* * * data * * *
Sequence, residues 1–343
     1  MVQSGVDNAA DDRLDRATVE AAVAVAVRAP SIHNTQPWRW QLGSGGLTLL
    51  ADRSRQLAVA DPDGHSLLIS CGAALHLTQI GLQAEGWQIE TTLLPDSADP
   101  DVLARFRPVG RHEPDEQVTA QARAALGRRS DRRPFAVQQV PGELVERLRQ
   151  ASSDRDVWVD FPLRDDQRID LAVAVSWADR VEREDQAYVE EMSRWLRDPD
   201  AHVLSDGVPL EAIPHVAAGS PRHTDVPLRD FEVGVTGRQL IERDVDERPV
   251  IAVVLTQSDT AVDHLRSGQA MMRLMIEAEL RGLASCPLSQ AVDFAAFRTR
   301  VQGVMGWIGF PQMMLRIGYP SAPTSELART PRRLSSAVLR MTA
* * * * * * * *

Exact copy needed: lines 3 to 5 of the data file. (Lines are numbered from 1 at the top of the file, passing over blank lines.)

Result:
    51  ADRSRQLAVA DPDGHSLLIS CGAALHLTQI GLQAEGWQIE TTLLPDSADP
   101  DVLARFRPVG RHEPDEQVTA QARAALGRRS DRRPFAVQQV PGELVERLRQ
   151  ASSDRDVWVD FPLRDDQRID LAVAVSWADR VEREDQAYVE EMSRWLRDPD